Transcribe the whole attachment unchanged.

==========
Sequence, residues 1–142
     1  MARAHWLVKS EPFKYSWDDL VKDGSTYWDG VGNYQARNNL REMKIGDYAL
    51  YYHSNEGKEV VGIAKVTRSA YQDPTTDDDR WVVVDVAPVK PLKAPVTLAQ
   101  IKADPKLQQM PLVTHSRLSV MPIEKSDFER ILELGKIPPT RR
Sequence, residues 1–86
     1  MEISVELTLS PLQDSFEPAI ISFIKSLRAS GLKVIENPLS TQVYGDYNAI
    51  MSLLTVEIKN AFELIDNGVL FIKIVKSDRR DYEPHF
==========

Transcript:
Sequence, residues 1–142
     1  MARAHWLVKS EPFKYSWDDL VKDGSTYWDG VGNYQARNNL REMKIGDYAL
    51  YYHSNEGKEV VGIAKVTRSA YQDPTTDDDR WVVVDVAPVK PLKAPVTLAQ
   101  IKADPKLQQM PLVTHSRLSV MPIEKSDFER ILELGKIPPT RR
Sequence, residues 1–86
     1  MEISVELTLS PLQDSFEPAI ISFIKSLRAS GLKVIENPLS TQVYGDYNAI
    51  MSLLTVEIKN AFELIDNGVL FIKIVKSDRR DYEPHF